By Jim Poolman
Myth: Indexed annuities pay unusually high commissions to sales agents that lead to abuses in the sales process.
Truth: All financial vehicles have to cover the provider’s sales and marketing expenses. Over time, the margins built into an annuity to cover commissions are not necessarily higher than the sales and marketing expense margins built into competing financial vehicles.
Consider, for example, the typical fee-based financial advisor. Such an advisor will often charge a fee of around 1% of assets annually, in addition to the expenses and fees built into the product itself. Now compare this to one of the best-selling fixed indexed annuity in the marketplace, which gives agents a choice of being paid a 7% commission in year 1, or a 2.25% commission in year 1 followed by a 1% annual trail commission. The 7% commission is hardly egregious, as it is about the same as the present value of fees charged by security advisors.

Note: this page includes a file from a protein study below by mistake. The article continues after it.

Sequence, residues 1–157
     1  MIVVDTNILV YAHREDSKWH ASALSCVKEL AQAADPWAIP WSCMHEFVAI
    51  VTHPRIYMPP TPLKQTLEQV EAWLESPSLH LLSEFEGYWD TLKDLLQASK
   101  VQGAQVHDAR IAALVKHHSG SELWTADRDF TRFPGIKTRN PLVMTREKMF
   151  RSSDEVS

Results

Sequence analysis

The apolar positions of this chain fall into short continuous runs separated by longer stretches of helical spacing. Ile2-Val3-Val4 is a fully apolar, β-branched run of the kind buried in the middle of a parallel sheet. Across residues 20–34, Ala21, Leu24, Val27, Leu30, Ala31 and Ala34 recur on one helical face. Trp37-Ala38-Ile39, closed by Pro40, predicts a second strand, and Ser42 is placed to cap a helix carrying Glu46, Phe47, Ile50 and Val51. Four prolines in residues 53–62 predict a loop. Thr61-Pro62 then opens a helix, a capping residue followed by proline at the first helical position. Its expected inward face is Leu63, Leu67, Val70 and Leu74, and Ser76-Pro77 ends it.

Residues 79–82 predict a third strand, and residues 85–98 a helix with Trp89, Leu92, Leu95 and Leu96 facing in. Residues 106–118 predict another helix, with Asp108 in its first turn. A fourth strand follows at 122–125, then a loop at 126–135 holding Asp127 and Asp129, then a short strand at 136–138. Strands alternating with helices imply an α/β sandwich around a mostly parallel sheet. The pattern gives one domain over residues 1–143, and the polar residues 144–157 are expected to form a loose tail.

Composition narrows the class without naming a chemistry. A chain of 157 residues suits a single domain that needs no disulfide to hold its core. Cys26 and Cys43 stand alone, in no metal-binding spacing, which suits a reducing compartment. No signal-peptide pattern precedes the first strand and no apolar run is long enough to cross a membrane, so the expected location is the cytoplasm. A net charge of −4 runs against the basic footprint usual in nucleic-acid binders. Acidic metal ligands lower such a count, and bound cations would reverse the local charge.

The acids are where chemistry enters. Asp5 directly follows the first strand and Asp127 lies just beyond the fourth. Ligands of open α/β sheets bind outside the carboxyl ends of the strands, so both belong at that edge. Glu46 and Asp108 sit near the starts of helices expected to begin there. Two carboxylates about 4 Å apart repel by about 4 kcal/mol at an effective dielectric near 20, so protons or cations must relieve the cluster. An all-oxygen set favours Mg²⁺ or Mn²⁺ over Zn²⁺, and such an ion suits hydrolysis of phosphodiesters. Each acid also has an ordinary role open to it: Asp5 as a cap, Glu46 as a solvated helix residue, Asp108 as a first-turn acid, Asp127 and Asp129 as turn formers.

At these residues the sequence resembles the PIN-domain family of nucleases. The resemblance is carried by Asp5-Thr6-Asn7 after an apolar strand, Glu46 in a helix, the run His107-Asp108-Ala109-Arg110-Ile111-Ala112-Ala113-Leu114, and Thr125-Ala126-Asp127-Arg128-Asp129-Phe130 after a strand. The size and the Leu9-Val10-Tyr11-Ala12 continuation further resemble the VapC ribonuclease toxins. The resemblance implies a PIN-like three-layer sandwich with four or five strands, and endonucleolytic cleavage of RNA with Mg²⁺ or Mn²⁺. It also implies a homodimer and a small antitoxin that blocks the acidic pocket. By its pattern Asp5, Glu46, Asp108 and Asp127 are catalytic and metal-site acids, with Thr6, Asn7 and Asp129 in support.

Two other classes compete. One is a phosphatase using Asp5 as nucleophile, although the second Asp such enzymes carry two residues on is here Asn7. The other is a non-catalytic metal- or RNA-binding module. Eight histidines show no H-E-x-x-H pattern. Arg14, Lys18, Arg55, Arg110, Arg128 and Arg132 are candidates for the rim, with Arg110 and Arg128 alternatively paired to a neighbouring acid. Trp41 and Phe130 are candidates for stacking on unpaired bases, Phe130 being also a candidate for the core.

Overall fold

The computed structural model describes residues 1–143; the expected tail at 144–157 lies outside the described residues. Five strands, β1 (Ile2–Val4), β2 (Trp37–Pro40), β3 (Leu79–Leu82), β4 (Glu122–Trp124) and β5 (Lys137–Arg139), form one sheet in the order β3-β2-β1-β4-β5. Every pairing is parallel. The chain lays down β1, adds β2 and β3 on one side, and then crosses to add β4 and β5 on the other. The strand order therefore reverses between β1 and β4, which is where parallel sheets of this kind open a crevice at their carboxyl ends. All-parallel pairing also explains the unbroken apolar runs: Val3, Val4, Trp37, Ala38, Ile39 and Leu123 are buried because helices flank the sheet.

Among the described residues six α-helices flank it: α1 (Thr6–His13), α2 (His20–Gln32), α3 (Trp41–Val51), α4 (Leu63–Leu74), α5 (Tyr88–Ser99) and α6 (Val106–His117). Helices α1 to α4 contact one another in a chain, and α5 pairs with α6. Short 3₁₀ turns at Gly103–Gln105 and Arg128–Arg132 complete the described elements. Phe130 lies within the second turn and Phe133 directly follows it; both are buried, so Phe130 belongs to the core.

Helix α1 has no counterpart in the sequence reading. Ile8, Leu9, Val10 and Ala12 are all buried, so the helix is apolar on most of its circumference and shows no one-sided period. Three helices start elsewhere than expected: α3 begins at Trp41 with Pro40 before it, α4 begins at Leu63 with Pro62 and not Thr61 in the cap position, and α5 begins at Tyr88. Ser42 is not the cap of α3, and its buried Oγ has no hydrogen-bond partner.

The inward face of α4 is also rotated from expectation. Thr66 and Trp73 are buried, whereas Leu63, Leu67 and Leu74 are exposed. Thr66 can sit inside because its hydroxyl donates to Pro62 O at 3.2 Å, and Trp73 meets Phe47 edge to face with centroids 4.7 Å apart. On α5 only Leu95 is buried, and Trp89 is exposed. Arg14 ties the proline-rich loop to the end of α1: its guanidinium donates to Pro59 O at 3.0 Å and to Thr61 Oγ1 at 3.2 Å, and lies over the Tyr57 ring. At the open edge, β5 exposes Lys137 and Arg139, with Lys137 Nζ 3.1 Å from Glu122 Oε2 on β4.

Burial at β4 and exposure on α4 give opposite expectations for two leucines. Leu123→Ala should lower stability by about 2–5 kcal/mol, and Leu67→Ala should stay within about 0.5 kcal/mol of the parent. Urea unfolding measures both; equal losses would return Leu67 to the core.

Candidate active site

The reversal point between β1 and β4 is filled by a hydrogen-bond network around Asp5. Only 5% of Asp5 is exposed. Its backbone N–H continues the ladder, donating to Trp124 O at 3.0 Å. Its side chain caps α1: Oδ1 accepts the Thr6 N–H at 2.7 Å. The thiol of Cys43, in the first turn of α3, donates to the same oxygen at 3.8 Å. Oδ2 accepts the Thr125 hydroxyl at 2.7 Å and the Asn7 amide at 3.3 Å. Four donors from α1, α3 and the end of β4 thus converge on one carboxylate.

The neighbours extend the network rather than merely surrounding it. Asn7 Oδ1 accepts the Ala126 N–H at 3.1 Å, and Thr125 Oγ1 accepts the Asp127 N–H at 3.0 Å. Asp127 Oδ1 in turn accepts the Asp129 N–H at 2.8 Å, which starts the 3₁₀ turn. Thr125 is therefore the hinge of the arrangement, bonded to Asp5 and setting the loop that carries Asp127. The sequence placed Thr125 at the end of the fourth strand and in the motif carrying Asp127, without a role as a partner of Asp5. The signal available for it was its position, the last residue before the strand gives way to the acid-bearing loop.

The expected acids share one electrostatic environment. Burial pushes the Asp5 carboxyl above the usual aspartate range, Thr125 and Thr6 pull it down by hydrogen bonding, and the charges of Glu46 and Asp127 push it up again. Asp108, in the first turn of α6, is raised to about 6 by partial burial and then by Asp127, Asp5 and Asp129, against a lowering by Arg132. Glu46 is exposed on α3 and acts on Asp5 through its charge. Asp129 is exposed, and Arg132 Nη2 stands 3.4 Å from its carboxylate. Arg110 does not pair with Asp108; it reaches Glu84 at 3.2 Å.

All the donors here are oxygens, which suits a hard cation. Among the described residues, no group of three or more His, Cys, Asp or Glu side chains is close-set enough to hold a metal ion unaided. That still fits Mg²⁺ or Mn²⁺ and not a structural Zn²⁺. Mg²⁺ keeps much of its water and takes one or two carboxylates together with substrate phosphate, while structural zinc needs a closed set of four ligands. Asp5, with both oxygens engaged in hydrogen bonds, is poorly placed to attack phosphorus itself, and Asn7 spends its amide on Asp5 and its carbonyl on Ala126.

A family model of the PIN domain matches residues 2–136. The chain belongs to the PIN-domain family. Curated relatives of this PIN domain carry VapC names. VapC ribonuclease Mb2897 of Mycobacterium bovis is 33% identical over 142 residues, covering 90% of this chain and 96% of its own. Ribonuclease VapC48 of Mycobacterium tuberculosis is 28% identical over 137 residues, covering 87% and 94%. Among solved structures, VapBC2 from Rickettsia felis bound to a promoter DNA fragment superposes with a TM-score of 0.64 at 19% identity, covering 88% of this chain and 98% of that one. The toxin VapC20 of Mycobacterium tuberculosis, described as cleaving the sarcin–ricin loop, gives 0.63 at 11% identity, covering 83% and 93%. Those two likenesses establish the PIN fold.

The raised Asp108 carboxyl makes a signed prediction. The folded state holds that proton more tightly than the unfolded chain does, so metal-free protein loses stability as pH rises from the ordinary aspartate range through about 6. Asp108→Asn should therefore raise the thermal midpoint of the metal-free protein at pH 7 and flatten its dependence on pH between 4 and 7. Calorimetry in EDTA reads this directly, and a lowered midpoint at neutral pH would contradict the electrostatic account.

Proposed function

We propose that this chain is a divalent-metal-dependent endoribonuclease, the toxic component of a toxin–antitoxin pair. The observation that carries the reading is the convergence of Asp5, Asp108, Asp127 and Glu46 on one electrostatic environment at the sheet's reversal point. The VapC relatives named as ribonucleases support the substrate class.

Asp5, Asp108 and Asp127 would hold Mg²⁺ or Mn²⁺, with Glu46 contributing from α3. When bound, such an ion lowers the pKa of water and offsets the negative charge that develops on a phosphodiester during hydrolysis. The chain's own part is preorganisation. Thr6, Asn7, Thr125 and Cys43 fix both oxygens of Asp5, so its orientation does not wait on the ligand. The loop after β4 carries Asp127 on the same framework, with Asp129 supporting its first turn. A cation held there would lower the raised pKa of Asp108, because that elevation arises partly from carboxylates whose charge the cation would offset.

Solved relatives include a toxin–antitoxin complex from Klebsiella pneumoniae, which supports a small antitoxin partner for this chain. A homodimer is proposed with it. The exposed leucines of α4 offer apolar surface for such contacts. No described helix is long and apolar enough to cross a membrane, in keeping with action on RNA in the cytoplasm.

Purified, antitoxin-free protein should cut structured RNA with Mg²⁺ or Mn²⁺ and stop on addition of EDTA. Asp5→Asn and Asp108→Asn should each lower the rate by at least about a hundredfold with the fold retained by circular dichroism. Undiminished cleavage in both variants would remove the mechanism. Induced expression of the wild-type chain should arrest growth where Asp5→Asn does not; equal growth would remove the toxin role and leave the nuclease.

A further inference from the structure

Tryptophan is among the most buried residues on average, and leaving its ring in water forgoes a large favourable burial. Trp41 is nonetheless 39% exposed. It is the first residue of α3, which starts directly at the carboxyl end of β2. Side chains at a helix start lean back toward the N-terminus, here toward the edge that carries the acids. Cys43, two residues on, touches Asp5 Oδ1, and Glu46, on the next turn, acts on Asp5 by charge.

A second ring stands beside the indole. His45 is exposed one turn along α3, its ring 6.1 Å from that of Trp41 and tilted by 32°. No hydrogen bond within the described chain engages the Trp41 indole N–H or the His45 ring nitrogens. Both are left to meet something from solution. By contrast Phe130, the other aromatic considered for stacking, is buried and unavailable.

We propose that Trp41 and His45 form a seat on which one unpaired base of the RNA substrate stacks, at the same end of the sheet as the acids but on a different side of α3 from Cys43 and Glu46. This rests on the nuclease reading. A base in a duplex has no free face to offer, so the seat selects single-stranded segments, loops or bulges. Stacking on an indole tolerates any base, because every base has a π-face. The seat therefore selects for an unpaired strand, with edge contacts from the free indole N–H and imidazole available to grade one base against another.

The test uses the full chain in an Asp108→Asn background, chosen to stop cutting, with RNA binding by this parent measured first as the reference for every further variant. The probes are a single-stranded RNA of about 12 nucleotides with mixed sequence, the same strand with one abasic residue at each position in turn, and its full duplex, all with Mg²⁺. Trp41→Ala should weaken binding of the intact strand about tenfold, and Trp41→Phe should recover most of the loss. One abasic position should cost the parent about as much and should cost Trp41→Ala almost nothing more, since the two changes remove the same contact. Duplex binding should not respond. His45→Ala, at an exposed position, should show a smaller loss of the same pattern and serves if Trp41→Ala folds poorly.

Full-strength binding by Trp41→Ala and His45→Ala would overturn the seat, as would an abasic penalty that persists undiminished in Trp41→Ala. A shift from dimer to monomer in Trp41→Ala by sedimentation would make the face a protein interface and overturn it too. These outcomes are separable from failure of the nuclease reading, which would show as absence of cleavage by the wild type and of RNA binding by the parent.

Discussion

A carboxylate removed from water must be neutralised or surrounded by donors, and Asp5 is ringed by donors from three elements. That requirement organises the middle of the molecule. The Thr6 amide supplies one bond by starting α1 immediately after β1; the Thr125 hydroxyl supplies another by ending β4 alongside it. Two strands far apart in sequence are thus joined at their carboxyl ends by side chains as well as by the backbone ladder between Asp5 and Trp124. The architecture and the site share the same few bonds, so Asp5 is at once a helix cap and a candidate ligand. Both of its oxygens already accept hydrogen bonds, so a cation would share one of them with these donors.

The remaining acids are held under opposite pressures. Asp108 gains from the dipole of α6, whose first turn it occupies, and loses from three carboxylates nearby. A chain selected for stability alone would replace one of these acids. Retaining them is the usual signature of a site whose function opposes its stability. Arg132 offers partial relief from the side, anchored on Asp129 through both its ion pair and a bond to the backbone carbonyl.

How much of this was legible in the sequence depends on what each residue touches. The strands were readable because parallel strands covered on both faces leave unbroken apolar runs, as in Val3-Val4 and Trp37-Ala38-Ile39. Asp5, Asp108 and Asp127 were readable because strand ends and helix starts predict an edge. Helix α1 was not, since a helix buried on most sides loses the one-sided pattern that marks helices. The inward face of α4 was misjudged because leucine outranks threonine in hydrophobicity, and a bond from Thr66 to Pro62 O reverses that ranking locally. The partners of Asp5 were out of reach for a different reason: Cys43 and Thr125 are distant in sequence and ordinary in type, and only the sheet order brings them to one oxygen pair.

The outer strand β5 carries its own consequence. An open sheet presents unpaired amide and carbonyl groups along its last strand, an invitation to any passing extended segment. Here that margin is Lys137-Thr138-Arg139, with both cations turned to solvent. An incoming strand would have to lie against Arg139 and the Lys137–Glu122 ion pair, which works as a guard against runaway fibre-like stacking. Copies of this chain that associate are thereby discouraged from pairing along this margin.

Despite the fact that fixed indexed annuities pay no more and no less than fee-based financial products over comparable time horizons, the state insurance departments’ standards for suitability determination leave no room for abuses resulting from commission-driven sales. The regulation states that “an insurer shall not issue an annuity recommended to a consumer unless there is a reasonable basis to believe the annuity is suitable based on the consumer’s suitability information.”
Tomorrow, see the final post in this series about the so-called complexity of indexed annuities.